34 The data have been taken from the companies' balance-sheets (Compagnie Générale, Rapports, 1907–14), the supply contracts (AE, Compagnie Générale, 103 AQ 296–9 and Compagnie de Rosario à Puerto Belgrano, 103 AQ 412–3) and the state of the invested capital according to law 5315 on 30 June 1912 (Ferrocarriles, Dirección de, Estadística, 1912).

35 Land lent itself most easily to capital appreciation. About this, see comments by the Midland contractor, in Museo Ferroviario (Buenos Aires), Archivo Scott Hume, portfolio 7. In 1906 the FCGBA bought 35 hectares in the south of the capital from Pereyra Iraola-Herrera Vegas at 3.5 pesos per square metre. It immediately transferred 8 hectares to the Compañía Inmobiliaria Franco-Argentina for $3/m2. In 1909–10 it bought back from C1FA those 8 hectares at $8/m2, and another 7 hectares from Pereyra at $23/m2. It must be pointed out that C1FA was formed by Paribas, Générale Belge, Union Parisienne and their local partners (Bunge y Born, Hirsch, Bidau, Paz). These transactions were equivalent to 40% of the FCGBA total land investment. In 1922, when the remaining land was intended to be sold, it was found that it would be impossible until the Pereyra group sold the rest of their possessions in that zone, and that the market values were much lower than those in the books. AE, Compagnie Générale, 103 AQ 288–90.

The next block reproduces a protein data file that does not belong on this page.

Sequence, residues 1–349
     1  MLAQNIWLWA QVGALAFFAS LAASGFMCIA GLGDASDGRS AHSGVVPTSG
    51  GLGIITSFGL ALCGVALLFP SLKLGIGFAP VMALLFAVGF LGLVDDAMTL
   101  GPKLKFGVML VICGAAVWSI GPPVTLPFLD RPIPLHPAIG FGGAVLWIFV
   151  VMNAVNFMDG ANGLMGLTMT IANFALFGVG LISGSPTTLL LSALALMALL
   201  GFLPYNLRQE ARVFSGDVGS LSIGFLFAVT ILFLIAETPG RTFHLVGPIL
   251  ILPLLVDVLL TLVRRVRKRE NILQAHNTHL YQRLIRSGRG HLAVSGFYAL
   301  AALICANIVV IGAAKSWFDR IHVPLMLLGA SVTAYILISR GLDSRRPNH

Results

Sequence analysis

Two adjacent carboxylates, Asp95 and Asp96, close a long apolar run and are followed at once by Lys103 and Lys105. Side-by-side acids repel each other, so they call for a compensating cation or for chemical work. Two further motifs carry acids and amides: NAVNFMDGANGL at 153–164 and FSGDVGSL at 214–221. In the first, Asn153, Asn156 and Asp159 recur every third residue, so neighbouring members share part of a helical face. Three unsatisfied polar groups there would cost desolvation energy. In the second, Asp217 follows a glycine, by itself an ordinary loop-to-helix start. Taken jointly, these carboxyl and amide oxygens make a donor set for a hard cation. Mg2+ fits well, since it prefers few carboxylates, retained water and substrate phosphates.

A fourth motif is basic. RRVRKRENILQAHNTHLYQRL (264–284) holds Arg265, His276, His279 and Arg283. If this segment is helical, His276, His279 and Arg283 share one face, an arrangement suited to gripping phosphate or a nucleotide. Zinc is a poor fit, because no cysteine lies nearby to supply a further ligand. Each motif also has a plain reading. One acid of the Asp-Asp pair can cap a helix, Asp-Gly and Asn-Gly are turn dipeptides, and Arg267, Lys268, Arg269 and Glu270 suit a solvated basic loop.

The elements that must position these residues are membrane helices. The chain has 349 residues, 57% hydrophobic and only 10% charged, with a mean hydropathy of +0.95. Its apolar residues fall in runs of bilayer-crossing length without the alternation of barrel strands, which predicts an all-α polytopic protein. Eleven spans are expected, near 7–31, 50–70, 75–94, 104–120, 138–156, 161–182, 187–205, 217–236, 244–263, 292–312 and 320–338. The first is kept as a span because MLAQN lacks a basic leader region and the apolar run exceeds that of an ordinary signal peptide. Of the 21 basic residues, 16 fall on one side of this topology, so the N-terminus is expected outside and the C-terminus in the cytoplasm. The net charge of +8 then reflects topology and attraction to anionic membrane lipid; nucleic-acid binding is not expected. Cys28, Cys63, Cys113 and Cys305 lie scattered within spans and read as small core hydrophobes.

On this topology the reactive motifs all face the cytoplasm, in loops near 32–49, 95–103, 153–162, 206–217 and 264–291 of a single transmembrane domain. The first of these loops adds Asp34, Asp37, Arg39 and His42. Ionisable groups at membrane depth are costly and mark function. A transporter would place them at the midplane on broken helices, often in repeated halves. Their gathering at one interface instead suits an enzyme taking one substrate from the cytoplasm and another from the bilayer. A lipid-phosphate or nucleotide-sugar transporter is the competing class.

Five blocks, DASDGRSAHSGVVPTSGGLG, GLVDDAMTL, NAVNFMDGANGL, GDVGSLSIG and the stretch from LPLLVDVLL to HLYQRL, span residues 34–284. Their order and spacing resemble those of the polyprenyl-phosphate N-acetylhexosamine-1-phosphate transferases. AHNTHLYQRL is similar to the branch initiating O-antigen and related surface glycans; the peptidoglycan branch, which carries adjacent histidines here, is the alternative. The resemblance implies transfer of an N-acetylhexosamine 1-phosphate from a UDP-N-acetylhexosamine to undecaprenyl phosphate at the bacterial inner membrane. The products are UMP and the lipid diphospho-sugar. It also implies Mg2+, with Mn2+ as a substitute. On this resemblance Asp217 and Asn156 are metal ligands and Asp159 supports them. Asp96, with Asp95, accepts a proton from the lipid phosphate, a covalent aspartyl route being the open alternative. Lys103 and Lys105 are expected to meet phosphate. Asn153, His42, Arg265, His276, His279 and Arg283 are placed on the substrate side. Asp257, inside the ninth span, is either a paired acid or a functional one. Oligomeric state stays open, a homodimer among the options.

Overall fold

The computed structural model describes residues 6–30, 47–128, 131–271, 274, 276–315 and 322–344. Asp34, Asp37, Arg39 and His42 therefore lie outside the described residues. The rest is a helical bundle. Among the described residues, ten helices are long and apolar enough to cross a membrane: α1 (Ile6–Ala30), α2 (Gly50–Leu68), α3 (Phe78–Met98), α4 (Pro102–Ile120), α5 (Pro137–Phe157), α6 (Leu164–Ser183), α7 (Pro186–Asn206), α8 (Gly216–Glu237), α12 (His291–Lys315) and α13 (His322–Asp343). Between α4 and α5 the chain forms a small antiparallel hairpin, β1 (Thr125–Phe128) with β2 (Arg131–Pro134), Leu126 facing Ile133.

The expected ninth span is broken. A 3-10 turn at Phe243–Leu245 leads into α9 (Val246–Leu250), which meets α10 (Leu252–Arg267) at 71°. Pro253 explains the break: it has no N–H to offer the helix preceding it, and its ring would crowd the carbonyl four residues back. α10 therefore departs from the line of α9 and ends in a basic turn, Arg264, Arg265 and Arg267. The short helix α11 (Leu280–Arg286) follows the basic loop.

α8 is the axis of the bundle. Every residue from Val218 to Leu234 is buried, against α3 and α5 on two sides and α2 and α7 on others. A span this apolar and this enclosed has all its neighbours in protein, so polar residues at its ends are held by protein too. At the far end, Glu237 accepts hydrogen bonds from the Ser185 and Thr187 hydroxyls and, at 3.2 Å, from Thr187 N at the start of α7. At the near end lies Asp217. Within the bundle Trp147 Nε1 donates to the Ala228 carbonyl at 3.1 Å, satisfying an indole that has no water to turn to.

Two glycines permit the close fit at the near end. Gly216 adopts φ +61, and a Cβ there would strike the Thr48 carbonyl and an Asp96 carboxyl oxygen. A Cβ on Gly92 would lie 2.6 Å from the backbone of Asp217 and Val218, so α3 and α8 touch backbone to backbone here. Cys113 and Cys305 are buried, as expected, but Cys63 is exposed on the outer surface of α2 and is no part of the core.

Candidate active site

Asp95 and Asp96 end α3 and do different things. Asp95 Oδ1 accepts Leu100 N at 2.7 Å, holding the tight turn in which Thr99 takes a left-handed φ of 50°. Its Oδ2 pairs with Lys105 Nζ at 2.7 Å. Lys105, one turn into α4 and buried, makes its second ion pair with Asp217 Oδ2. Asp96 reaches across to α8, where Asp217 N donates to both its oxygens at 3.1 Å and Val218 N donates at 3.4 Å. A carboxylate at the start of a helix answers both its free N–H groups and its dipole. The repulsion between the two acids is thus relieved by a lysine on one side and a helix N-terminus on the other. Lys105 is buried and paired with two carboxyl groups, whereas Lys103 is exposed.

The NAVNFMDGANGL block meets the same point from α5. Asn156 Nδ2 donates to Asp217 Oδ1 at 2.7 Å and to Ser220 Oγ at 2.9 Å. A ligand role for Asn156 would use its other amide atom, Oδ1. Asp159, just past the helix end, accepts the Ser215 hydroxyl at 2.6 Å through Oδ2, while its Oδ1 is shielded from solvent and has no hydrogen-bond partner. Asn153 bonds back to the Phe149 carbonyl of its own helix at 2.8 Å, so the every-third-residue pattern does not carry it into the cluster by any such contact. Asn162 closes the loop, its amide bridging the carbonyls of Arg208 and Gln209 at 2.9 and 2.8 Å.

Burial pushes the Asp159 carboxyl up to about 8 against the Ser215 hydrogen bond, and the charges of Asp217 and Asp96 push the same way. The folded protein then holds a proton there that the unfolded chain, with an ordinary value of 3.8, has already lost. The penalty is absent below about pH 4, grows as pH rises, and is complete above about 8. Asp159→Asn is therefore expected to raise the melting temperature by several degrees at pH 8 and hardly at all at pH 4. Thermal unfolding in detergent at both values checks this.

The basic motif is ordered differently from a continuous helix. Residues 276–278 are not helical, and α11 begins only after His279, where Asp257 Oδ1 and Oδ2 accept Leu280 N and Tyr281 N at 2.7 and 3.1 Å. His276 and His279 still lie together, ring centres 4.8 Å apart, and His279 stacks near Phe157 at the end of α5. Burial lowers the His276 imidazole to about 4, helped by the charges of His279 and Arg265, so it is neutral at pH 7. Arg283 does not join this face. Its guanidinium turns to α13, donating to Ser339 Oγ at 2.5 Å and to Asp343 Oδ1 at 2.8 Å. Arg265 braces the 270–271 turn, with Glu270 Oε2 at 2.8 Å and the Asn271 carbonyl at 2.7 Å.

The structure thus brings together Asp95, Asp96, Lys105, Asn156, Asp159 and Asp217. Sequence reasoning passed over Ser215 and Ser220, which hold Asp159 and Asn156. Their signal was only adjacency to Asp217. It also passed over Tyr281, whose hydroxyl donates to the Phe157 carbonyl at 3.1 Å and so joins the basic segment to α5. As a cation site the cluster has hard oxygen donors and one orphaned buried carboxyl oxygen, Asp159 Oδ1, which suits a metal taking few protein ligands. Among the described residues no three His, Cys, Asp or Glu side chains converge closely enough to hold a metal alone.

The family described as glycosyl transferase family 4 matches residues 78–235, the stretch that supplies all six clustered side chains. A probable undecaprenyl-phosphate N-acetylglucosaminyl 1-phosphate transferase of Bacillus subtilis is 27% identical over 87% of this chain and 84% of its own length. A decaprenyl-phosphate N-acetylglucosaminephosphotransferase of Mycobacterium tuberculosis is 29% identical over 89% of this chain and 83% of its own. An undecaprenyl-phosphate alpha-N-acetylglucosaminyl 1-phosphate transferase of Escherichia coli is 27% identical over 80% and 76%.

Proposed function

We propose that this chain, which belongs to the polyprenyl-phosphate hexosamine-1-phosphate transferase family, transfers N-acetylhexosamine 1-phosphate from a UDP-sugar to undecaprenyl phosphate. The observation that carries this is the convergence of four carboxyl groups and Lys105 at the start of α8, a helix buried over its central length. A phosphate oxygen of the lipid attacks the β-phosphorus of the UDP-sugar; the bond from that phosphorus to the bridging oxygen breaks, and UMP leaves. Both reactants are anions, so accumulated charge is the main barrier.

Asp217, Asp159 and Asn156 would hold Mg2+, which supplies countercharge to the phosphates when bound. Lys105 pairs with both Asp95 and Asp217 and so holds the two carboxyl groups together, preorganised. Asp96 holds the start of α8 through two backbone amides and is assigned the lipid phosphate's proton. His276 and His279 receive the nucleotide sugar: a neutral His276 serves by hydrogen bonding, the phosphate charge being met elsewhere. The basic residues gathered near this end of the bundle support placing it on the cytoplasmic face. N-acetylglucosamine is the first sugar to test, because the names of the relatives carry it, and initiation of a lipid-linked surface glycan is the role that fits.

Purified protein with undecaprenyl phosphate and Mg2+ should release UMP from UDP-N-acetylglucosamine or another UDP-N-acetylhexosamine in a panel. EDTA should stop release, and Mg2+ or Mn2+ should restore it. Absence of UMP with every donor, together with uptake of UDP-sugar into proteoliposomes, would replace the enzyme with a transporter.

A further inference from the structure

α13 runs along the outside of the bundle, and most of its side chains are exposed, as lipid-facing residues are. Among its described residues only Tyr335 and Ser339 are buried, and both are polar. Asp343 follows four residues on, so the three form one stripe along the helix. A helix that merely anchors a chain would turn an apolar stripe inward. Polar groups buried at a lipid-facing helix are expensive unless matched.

36 Estimated figures on the basis of materials purchase data. Alberto Schneidewind, Railways General Direction, estimated foreign expenditure to represent 50% of the total railway investment. To make them comparable, we should add to our figures managing and supervision expenses made in France. In a previous paper we have established that material imports represented 38% of the public investment on railways in 1881–5. Regalsky, , Exportaciones…, p. 91.

37 About this, see the dossier on German connections of De Bruyn and the Bunge y Born group, prepared by the Quai d'Orsay during the First World War (Archives Economiques et Financières, B 31. 329).

38 In February 1912 the weekly returns were not yet known, although the line had been open for over a year (RRP, 23 Dec. 1912, p. 467).

39 RRP, 22 March 1907, p. 715.